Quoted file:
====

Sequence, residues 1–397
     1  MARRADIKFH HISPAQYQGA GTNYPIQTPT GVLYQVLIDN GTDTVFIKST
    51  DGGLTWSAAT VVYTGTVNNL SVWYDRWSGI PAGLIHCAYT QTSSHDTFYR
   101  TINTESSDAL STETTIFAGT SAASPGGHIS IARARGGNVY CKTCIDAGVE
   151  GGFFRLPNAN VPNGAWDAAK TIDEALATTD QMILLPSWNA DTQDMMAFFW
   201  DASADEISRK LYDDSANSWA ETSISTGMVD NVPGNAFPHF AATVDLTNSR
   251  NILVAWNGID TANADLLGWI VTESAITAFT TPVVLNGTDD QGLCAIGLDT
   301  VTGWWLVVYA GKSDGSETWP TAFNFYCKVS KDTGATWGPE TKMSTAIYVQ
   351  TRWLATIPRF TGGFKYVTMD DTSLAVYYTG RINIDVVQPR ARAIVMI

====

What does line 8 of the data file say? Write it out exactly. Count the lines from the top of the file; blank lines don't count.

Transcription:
   301  VTGWWLVVYA GKSDGSETWP TAFNFYCKVS KDTGATWGPE TKMSTAIYVQ